Scott Hanselman

How do you organize your code?

April 1, '05 Comments [10] Posted in ASP.NET | Corillian | NUnit | NCover | Nant | Tools
Sponsored By

Organizedfolders1How do we organize our code? Well, it all depends on the project and what we're trying to accomplish. We're also always learning. Our big C++ app builds differently than our lightweight C# stuff. However, for the most part we start with some basic first principles.

  • A repeatable build
    • Obvious, maybe, but if you can't build it n times and get the same result, you may have some problems.
  • Continuous Integration
    • When possible and appropriate, have builds automated and build mail sent out.
    • We started with building on every check-in, and for the most part we do that.
    • We added a daily build, so now we will build on every check-in, but there's a 5pm build also.
  • Tools
    • CruiseControl.NET - the goal being a company-wide dashboard.
    • NAnt -building
    • NUnit - testing
    • NCover - code coverage, not formalized yet.
    • FxCop - For the obvious stuff, CLS compliance, etc.
    • NDoc - the shiznit. Use it to automate CHM file creation. That auto-generated CHM is then sucked into a larger 'prose' CHM.
    • libcheck - looking into it. Using it to measure API churn.

As far as layout (picture above), there's no right way. We've got folks who've been doing builds since before Windows, so we have a little *nix-y style in a few things. Again, if it works, use it. I like:

  • source - for source. duh.
  • tools - This CVS module is the source for any tools/utils the project needs. Shared between projects.
  • install - XCopy deployment, it'd be nice. We do versioned MSIs for everything significant.
  • test - Not Unit-tests per se, mostly larger projects for integration and regression testing.

As far as the build directory is concerned:

Organizedfolders3

Everything under build is 'important.' It kind of speaks for itself. Bin for bins, doc for the CHM.

In source, we have:

Organizedfolders2

Every 'subsystem' has a folder, and usally (not always) a Subsystem is a bigger namespace. In this picture there's "Common" and it might have 5 projects under it. There's a peer Common.Test. Under CodeGeneration, for example, there's 14 projects. Seven are sub-projects within the CodeGeneration subsystem, and seven are the NUnit tests for each. The reason that you see Common and Common.Test at this stuff is that they are the 'highest." But the pattern follows as you traverse the depths. Each subsystem has it's own NAnt build file, and these are used by the primary default.build.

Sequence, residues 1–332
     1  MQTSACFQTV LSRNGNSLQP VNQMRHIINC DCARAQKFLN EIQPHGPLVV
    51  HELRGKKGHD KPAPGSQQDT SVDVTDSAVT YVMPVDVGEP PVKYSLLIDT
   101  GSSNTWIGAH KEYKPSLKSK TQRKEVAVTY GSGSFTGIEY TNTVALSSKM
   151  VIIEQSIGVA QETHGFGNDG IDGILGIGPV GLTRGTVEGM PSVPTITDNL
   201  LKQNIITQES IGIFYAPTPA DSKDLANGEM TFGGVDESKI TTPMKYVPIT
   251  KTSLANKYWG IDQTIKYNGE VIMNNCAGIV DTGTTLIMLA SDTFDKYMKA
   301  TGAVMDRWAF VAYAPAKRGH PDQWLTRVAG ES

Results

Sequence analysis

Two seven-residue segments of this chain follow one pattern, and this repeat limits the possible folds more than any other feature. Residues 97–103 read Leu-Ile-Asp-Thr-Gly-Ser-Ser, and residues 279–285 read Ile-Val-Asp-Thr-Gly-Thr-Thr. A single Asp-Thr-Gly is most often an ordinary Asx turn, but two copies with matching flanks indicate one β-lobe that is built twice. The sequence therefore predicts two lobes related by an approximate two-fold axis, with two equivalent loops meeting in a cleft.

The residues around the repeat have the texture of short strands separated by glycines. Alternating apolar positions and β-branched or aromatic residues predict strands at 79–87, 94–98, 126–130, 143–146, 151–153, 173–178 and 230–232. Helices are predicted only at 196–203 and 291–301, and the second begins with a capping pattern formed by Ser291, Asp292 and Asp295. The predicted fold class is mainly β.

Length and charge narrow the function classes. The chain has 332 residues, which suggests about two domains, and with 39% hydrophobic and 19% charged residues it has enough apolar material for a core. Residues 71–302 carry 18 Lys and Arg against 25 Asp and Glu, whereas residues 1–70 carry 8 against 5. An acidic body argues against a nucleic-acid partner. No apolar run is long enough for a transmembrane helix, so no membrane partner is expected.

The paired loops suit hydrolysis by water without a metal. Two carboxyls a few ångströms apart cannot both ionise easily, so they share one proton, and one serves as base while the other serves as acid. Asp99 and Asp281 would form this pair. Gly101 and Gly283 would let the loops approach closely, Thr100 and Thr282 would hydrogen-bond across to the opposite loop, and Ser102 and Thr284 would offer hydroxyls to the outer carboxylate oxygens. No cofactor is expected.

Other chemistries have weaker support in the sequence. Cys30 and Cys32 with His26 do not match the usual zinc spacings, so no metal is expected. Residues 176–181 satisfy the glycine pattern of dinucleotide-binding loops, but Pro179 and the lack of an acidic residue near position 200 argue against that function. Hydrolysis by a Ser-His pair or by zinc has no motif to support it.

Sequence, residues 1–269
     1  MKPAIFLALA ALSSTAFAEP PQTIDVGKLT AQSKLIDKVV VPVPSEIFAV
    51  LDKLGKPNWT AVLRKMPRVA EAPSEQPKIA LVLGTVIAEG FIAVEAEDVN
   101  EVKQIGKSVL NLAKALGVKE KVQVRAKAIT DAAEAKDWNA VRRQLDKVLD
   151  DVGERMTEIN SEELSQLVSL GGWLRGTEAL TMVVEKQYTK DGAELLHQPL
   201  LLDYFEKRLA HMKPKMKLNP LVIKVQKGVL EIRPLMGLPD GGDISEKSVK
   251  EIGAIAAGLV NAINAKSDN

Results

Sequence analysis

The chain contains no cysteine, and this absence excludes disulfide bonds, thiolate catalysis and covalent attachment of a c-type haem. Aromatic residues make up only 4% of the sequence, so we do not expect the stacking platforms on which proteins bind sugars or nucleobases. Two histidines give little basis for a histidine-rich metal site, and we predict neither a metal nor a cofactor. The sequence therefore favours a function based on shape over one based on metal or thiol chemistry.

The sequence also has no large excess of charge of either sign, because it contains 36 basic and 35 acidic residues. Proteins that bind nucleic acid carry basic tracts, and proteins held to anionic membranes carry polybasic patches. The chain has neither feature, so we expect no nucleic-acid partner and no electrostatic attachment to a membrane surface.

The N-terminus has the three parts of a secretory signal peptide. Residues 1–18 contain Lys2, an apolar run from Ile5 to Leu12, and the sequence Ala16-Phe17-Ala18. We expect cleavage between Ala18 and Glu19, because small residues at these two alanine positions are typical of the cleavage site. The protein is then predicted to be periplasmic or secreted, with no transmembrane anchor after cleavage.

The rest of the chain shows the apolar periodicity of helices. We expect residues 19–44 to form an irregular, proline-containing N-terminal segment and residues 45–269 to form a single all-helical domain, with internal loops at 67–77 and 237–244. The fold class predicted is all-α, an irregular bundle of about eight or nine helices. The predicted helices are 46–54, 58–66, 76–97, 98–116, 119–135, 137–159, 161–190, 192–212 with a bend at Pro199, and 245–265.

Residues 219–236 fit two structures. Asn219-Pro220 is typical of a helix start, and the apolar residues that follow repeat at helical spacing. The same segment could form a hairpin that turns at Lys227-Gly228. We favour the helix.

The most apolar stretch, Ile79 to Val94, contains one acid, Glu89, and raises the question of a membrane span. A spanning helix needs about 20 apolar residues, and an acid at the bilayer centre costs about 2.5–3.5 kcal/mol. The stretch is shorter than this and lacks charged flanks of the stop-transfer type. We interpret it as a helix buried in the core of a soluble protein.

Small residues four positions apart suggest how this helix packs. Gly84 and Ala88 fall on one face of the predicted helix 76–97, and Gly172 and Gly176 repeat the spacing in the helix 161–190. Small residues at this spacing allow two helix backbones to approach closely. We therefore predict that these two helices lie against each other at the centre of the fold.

In this souce directory we've got things like build.bat and buildpatch.bat. The goal being that folks can get the stuff from source control and type BUILD and be somewhere useful. It's VERY comforting to be able to reliably and simply build an entire system. Recently I had to patch something I'd worked on 18 months ago, but that had used this principal. I did a Fet, did a BUILD and I was cool. We then used reflector and Assembly Diff to confirm that the patch surface area was minimal.

We DO build things in VS.NET, but for the vast majority of projects, we prefer a command-line build to get real repeatabilty. With .user files and per-user reference paths, I just don't trust VS.NET to do the right thing.

Junctions

Another thing we make a lot of use of are what we call Junctions. These are NTFS Reparse Points, also known as symlinks.

Organizedfolders4